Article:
Tungsten filament lamp
350 – 2500
VIS + IR
Deuterium arc lamp
190 – 400
190 – 400
Xenon flash lamp
190 – 1100
UV + VIS + NIR
* Corresponds to 50 Hz flashes at constant operation
How Is Diffraction Grating Better Than a Prism?
Prisms and diffraction grating are typical dispersive elements. A prism achieves dispersion due to the difference in the material refractive index according to the wavelength. However, a diffraction grating uses the difference in diffraction direction for each wavelength due to interference. Both prisms and diffraction gratings can spread light spectra into many colors for analysis. However, a diffraction grating is less sensitive to the color of the light and can be made to spread colors over a larger angle than a prism. The glass in a prism is clear to visible light, but it absorbs and blocks light in the infrared and ultraviolet part of the spectrum. A diffraction grating with a few hundred lines per inch can deflect light in the middle of the visible spectrum by at least 20 degrees. The deflection angle of a glass prism is generally much smaller than this.
Which Inorganic Compounds Can Be Measured by UV Vis Spectroscopy?
Molecules can be analyzed using UV Vis spectroscopy if they possess any functional group or conjugation, or if they produce a color complex. As inorganic compounds do not contain any functional group or conjugation, the common method for analyzing them is by reaction with a suitable compound. This produces a color complex whose absorbance can be photometrically measured in the visible region and correlated with its actual concentration. For example, iron is commonly analyzed by a reaction with 1, 10-phenthroline to produce a red color complex. The absorbance of the complex is measured at 570 nm to estimate iron concentration.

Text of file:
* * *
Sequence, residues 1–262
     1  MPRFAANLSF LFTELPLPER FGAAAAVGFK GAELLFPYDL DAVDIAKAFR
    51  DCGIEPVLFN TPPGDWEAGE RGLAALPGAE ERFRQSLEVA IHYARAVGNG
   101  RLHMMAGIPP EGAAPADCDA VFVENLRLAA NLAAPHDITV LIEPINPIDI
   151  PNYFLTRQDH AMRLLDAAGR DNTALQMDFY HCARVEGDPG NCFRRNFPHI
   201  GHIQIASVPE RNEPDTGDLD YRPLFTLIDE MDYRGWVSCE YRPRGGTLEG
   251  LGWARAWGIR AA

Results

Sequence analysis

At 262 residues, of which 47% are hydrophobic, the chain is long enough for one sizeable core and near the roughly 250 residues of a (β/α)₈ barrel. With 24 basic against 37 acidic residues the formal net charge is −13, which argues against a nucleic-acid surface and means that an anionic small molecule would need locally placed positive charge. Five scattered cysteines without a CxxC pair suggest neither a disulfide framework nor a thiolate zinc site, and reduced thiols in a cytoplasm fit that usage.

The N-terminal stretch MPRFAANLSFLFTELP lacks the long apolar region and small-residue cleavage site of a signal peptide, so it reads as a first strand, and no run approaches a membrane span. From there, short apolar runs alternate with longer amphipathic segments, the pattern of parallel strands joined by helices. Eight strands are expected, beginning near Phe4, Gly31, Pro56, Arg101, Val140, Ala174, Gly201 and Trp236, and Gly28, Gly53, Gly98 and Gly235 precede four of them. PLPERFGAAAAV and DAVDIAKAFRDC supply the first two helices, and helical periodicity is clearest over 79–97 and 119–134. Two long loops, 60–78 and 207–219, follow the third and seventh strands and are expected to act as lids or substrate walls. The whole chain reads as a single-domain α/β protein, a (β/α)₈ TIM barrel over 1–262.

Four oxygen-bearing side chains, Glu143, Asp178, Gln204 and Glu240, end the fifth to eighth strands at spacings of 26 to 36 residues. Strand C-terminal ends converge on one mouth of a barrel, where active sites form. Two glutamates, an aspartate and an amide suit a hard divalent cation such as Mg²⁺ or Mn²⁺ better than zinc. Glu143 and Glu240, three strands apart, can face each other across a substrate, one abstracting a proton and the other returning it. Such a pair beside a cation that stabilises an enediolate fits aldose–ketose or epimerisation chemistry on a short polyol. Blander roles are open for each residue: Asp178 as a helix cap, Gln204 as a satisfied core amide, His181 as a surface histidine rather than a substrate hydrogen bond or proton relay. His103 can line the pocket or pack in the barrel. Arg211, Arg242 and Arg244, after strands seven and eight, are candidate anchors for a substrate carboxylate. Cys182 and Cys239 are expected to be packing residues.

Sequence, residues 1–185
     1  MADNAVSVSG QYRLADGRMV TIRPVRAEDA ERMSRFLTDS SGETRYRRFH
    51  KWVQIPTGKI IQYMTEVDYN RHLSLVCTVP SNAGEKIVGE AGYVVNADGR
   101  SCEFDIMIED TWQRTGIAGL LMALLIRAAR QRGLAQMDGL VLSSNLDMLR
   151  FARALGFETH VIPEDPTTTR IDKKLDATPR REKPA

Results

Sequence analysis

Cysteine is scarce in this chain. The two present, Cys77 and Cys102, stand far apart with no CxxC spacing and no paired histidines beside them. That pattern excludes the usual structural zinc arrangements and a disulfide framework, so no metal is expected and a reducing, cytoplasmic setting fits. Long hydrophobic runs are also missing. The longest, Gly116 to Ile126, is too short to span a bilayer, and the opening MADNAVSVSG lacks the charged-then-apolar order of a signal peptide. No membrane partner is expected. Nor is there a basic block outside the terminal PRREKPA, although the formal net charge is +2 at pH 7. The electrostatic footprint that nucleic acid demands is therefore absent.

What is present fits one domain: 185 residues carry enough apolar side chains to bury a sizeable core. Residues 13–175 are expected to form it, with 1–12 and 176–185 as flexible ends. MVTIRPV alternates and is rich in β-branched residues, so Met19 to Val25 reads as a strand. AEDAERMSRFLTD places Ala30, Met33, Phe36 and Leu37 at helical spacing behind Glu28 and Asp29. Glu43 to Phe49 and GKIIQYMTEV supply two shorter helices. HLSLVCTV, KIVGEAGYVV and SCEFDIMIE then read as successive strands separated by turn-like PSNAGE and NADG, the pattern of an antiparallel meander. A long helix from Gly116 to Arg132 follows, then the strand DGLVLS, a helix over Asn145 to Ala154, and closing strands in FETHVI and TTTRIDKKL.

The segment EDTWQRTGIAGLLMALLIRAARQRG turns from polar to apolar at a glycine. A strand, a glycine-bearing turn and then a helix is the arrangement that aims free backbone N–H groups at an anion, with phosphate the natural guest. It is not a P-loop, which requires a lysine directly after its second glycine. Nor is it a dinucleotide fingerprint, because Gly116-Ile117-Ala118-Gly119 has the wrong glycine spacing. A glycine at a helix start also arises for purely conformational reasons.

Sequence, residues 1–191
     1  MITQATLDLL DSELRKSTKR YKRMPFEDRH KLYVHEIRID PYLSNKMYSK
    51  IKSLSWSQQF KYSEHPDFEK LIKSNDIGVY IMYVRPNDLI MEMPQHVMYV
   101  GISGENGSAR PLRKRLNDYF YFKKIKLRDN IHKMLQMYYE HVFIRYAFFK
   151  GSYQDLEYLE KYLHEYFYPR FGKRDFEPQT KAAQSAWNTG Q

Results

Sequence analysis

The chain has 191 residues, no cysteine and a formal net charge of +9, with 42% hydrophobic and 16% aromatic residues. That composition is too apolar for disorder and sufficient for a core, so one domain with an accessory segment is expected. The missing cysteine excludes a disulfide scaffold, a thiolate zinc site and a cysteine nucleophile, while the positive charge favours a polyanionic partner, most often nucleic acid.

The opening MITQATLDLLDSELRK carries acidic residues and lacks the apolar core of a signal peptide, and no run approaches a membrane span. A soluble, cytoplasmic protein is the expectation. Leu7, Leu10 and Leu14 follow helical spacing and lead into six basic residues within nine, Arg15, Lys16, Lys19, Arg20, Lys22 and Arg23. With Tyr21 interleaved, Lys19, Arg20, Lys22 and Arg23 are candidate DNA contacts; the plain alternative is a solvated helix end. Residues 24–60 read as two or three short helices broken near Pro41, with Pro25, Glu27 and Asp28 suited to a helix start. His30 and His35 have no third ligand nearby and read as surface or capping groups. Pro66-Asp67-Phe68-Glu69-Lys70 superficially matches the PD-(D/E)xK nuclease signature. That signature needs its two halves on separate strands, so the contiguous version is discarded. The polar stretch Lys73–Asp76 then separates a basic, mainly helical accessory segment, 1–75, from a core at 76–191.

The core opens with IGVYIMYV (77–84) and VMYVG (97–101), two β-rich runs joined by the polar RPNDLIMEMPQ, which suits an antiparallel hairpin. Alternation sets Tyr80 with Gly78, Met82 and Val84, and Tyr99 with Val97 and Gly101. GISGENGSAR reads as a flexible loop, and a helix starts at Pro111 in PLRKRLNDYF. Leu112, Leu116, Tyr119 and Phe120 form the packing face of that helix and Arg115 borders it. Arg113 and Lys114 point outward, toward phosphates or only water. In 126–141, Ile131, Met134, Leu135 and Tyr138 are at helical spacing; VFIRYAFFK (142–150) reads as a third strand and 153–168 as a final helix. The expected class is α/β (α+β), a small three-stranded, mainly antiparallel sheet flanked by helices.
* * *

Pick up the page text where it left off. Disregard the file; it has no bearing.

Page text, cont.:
How Do Single Beam and Double Beam Spectrophotometers Differ?
The main difference between a single beam and double beam spectrophotometer follows.
Single beam spectrophotometer: A single beam from the light source passes through the sample
Double beam spectrophotometer: The light beam from the light source is split into two parts: one part goes through the sample, and the other part passes through the reference
Beam splitting in a double beam spectrophotometer is achieved in two ways:
statically, with partially transmitting mirrors or a similar device
attenuating the beams using moving optical and mechanical devices
How to Analyze Solid Polymer Film Using UV Vis?
The analysis of a solid sample is performed mainly by estimating its absorbance, transmittance and reflectance. Common parameters determined for solid polymers include % transmittance, cutoff wavelength, and yellowness index. The sample is mounted on a holder specifically designed for solid samples and readings are taken in the same manner as they are for liquid samples. A solid sample holder enables measuring of solid samples such as films or glass.